utterly useless

Smoke on the Water: A Tribute (Shrapnel Records)
Various Artists

By Mark Clark

Let me get this straight: Somebody decided to organize a tribute album to Deep Purple, one of the '70s finest heavy rock acts and this is the best they could muster? Performances by a collection of hacks (Kip Winger), has-beens (Yngwie Malmsteen) and never-weres (Don Dokken)? This is Deep Purple we're talking about, a band whose music is still reverberating through the work of alternative bands like Soundgarden, Stone Roses and Ride.

Departing from typical tribute album strategy, Smoke on the Water presents covers of classic Purple tunes by a quartet of backing musicians (Dean Castronovo, drums; Jens Johansson, keyboards; Todd Jensen, bass; and Russ Parrish, rhythm guitar) joined by a different lead singer and lead guitarist for each track. It's a new approach that doesn't work. Even with ten different vocalists and ten different guitarists, all this stuff sounds alike.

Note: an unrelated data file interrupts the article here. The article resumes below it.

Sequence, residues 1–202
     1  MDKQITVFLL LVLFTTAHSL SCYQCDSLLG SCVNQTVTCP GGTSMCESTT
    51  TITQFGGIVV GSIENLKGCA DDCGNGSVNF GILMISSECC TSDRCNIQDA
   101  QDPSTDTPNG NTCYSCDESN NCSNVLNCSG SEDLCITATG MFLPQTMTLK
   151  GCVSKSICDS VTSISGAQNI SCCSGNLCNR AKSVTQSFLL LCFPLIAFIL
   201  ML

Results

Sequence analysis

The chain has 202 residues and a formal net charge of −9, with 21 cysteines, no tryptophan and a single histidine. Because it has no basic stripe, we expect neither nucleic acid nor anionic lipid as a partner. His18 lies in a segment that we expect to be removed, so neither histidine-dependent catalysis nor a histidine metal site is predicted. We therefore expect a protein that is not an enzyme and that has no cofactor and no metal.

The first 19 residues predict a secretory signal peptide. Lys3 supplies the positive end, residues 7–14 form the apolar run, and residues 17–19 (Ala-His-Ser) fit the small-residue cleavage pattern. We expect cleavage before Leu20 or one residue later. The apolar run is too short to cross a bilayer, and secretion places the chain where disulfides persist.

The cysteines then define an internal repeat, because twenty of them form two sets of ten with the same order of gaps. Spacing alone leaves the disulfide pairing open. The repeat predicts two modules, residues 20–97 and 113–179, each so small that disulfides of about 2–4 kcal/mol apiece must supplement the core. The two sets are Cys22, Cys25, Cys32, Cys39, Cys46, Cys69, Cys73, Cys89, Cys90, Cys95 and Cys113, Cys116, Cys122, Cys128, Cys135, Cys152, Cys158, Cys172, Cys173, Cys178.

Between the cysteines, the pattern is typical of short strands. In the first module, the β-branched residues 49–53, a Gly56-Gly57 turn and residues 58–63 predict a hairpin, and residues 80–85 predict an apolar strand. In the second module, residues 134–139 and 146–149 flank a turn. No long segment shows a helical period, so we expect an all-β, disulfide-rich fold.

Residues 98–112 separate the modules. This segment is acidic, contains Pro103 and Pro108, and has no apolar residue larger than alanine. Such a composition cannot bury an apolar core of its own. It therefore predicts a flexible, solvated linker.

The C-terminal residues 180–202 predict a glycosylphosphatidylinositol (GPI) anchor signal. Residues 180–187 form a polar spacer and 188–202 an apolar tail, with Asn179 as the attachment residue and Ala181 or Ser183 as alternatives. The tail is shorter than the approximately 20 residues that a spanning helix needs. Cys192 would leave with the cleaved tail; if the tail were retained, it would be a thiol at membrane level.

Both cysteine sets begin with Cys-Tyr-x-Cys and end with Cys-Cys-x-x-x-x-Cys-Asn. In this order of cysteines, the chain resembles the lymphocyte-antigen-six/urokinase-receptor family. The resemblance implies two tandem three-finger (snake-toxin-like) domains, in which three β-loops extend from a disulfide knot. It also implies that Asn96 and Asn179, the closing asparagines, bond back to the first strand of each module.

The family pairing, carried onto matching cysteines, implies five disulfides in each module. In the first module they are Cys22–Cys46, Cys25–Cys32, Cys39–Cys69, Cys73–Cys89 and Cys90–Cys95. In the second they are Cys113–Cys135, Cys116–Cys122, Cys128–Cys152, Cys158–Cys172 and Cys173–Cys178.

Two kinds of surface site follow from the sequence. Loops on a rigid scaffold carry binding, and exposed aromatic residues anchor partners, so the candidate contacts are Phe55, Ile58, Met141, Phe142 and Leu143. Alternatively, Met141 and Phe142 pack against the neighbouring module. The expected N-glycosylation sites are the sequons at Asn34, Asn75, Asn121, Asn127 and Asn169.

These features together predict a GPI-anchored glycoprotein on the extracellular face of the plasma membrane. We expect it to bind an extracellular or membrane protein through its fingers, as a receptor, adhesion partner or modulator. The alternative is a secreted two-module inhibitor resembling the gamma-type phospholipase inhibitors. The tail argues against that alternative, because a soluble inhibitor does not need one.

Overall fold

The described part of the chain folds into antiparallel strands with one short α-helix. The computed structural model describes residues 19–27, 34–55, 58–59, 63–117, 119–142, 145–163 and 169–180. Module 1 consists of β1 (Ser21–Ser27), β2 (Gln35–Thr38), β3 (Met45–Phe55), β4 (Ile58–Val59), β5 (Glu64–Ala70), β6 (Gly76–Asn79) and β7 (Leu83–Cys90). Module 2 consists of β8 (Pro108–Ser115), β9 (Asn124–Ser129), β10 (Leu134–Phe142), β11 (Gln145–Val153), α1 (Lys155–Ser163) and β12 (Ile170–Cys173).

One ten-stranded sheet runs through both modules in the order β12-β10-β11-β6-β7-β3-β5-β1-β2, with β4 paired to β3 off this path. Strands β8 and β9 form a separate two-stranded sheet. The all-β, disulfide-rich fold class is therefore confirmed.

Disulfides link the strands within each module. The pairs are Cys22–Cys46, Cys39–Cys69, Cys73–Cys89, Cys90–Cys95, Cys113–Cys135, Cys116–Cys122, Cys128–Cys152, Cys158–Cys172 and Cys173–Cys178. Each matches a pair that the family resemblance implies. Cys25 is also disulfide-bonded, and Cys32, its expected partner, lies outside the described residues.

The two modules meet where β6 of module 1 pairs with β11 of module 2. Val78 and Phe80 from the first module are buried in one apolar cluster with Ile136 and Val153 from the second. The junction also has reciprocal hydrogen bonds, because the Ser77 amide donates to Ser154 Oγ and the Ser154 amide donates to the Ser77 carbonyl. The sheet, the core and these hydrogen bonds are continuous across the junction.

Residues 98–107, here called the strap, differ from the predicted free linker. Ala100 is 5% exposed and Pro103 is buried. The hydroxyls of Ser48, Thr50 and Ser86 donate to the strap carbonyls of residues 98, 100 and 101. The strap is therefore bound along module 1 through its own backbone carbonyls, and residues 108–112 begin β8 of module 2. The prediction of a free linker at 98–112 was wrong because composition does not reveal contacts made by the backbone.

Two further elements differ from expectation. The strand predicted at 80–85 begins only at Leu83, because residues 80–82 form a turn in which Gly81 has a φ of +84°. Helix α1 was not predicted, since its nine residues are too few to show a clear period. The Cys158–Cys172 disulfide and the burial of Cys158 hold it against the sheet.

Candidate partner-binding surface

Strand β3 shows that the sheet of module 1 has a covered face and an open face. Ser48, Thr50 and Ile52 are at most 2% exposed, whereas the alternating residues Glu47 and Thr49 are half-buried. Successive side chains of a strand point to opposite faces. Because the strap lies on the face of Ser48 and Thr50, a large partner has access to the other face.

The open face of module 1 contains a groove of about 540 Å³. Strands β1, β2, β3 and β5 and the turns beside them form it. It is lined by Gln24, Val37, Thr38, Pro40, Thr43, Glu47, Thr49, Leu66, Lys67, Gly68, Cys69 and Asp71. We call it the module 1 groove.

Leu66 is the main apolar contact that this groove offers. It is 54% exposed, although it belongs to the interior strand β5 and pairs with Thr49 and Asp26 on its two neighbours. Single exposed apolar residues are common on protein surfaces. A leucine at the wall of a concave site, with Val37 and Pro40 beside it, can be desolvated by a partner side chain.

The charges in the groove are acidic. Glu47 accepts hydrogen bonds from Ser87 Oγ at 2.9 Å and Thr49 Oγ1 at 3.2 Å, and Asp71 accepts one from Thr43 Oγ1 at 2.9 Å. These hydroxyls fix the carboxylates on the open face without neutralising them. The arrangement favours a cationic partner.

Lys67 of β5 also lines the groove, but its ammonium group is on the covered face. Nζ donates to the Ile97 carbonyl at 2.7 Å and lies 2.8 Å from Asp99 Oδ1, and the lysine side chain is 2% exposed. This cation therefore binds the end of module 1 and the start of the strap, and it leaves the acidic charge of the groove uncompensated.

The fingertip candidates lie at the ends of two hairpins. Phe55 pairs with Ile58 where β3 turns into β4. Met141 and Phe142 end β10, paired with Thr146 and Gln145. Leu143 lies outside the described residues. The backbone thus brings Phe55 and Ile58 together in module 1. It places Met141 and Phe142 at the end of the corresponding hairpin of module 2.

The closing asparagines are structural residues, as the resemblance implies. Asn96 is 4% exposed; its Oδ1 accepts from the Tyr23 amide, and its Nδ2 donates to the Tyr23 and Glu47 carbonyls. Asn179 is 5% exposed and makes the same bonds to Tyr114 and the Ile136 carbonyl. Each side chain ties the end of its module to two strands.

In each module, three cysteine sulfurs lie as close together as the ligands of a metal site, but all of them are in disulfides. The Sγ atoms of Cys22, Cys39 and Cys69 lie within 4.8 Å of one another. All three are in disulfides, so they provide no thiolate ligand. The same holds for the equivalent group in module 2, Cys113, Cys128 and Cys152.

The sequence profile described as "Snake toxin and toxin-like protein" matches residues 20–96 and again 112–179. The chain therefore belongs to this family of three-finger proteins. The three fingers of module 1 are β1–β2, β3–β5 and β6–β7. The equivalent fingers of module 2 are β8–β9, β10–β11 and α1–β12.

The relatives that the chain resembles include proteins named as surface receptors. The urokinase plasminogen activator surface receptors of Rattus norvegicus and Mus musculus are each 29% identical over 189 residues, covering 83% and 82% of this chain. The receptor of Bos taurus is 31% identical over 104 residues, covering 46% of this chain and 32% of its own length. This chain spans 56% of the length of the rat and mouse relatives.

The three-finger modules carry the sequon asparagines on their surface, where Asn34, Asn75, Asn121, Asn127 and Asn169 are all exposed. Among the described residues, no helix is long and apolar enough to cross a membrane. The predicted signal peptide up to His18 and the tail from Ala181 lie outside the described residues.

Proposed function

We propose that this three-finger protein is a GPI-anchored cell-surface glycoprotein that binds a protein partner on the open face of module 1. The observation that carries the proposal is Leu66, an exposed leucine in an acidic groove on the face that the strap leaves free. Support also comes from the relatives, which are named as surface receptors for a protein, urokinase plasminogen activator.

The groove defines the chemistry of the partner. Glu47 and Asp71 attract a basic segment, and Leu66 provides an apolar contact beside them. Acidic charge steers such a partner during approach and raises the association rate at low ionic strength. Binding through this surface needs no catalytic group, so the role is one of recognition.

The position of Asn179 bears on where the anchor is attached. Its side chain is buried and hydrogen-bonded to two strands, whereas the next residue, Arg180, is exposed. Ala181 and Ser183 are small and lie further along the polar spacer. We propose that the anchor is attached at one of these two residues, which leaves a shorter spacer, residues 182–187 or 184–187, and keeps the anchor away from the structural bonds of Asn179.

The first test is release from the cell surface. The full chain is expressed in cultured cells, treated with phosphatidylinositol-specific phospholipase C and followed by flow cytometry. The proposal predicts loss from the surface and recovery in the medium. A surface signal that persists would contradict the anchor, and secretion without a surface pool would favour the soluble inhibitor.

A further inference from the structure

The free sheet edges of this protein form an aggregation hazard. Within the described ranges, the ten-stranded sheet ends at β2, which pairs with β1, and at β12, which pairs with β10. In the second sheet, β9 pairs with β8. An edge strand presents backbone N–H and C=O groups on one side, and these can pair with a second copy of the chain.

Worse yet, it all sounds virtually identical to the original Deep Purple versions. There's no experimentation, no new ideas. For instance, "Woman from Tokyo" (with Tony Hamell on vocals and Vinnie Moore on guitar) is faithful, almost note-for-note, with the original. But what's the use of that? Anybody who gives half a whit about Deep Purple already has the original. Who needs a sound alike rendition? Fans who truly want to pay tribute to Deep Purple ought to drag out their old copies of Made in Japan and revel again in the real deal.